Previous Section Back to Table of Contents Lords Hansard Home Page

Baroness Hayman: On the issue of whether we formulate the legislation in terms of a specific time limit or in terms of "as soon as possible", we are dealing with an issue of relative risk here. The noble Baroness rightly highlights the risk. The normal best practice--and it is normally followed--that accounts and an annual report are published before the House rise for the Summer Recess, although not phrased in those terms, could be circumvented because it is not a legislative requirement.

I suggested that we should also be aware of the risk that, if an arbitrary time limit were included, one may end up publishing an annual report which does not contain all the financial information; and just for the sake of two or three days, or a week.

It is therefore an issue of risk. The noble Baroness asks me to give an assurance that this particular annual report is published as soon as possible. I have to give that assurance on behalf of my noble friend because by the time the financial year starts the Secretary of State for Health will have overall accountability for the agency. Perhaps I may reassure her that the accounts will be given equally as soon as possible at the end of the financial year, so these very technical accounts dealing with the different streams of income that come from the devolved legislatures will be working to the same time frame as the annual report with its financial information. I should just make clear that the Meat Hygiene Service is not funded by a levy. It is funded by charges to cover the costs of inspection. That is an important distinction to make in this particular area, especially since the issue of levy and this specific agency has been of some concern and the subject of major change during the discussion on this Bill.

Baroness Byford: I thank the Minister for her response. I apologise for the use of the word “levy". She is quite right that I should have used the expression “charge" because indeed it is a charge. If I were being mischievous, I would be slightly concerned that the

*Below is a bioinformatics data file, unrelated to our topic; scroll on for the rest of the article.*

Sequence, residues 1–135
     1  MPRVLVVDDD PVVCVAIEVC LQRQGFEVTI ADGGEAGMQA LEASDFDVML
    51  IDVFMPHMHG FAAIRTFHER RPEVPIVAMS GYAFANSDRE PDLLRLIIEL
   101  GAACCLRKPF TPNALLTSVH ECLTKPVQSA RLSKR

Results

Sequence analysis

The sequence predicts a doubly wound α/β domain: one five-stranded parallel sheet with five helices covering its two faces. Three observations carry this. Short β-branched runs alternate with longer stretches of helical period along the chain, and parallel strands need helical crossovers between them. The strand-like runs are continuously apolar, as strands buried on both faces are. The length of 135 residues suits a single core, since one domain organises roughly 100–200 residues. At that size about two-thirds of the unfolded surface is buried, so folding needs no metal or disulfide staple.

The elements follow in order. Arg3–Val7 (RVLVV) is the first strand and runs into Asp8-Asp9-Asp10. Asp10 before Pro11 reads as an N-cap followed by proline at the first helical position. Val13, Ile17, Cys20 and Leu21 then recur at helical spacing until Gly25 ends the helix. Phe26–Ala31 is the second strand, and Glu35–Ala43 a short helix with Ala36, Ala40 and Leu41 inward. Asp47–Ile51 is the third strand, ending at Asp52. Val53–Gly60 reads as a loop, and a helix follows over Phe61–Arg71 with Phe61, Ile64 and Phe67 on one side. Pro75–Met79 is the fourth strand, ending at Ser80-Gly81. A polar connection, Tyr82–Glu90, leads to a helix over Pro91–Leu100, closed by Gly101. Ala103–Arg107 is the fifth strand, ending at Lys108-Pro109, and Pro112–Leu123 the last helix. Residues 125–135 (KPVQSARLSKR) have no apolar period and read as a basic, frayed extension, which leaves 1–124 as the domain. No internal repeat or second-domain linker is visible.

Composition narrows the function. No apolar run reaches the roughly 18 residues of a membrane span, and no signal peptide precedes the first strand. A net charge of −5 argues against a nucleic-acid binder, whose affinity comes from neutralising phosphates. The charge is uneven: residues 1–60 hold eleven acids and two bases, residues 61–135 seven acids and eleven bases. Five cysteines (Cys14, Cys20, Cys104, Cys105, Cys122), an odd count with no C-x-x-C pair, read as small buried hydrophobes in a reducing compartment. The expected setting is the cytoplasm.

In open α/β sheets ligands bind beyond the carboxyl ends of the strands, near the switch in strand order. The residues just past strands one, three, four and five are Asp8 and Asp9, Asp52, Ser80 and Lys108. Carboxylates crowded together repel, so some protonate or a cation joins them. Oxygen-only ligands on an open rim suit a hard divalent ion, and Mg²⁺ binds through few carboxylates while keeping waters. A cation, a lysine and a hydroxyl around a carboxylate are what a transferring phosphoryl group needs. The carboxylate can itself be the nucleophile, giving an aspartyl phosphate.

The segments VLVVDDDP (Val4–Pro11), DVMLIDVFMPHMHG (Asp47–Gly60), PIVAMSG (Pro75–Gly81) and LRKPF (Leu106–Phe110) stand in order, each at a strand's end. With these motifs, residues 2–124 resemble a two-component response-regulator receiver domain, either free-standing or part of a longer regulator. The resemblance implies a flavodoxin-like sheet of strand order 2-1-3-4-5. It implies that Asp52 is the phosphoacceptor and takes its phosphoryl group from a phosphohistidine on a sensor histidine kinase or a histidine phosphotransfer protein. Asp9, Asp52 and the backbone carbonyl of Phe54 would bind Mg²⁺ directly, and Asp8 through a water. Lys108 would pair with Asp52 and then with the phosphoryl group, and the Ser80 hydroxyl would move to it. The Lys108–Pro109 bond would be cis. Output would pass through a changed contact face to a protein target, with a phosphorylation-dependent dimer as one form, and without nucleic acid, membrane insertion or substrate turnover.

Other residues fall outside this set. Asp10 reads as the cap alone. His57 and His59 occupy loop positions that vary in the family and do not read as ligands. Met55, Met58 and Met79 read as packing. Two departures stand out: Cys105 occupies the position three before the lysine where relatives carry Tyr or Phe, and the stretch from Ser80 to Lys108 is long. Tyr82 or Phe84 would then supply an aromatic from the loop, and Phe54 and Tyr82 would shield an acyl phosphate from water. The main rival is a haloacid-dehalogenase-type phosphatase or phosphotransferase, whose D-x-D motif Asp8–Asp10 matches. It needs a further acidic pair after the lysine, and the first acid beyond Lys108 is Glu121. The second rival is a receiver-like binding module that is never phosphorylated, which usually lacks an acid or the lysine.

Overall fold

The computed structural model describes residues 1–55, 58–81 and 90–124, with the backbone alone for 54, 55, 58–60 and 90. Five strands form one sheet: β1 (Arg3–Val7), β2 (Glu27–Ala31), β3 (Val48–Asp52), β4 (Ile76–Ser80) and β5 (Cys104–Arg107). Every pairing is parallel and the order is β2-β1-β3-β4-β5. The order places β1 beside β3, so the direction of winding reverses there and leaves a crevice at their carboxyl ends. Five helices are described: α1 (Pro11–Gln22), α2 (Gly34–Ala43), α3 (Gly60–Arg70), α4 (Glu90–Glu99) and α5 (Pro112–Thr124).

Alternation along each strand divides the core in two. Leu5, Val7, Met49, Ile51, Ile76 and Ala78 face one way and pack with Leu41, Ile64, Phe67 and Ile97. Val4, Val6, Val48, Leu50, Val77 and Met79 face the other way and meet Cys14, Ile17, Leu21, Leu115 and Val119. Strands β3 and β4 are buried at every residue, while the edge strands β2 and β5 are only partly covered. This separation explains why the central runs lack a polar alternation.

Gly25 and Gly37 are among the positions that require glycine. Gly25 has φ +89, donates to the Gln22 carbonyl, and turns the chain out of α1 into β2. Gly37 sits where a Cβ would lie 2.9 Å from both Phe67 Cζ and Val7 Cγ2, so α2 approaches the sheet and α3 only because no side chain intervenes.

12 Oct 1999 : Column CWH47

agency did not feel that it could produce reports within three months. However, I accept what the Minister said and hope that it will work towards doing so.

It is important that people should be able to see what the agency is doing because their hopes have been built up so much as to what this agency will come up with. Certainly, the financing of the agency is of concern to quite a few producers who will fall within its remit. I thank the noble Baroness for that--though I still have reservations--and would like to be able to say that she accepted my amendment. However, since she has not done so, I shall certainly read the debate tomorrow in Hansard and perhaps come back to it at a later stage. I beg leave to withdraw the amendment.

Amendment, by leave, withdrawn.

[Amendment No. 14 not moved.]

Clause 4 agreed to.

Clause 5 [Advisory committees]:

Baroness Byford moved Amendment No. 15:

Page 2, line 43, after (“Ireland") insert (“and an advisory committee for England")

The noble Baroness said: We come now to an important part of our discussions on the Bill. While we understand and agree that the food standards agency should have a role overarching the whole of the United Kingdom, we cannot accept that it can be its own adviser on all matters English. I suspect that my noble friend has already highlighted one or two aspects of devolution that may well be involved.

It will undoubtedly be true that several of the 12 members of the agency will be well versed in issues affecting England and may therefore be expected to carry that understanding into all agency deliberations. However, if the membership of the agency reflects the composition of the Government, it may well be that there are an equal number of members well versed on issues affecting Scotland. There are to be separate advisory committees for Scotland, Wales and Northern Ireland but, as all your Lordships know, not for England. The Government have stated:

    “It is clear from the job description that the chief public face of the agency is ... the chair of the agency".--[Official Report, Commons, Standing Committee B: 1/7/99; col. 94.]

They go on to say,

    “and to have operational directors in the territories with a link to the legislative bodies is crucial because the Welsh Assembly and the Scottish Parliament will deal with legislation"--[Official Report, Commons, Standing Committee B: 1/7/99; col. 95.]

Later they state:

    “That is not to say, however, that different policies could not be imposed on specific areas ... [The advisory committee] will act as a channel of advice for the agency for the problems of various parts of the UK."--[Official Report, Commons, Standing Committee B: 6/7/99: col. 114.]

The sum total of those statements seems to be an acknowledgement that different parts of the country do and will have different problems that will be met differently and that the chairman of the agency--the “chief public face" of the agency--cannot act in England, Scotland, Wales and Northern Ireland. It

12 Oct 1999 : Column CWH48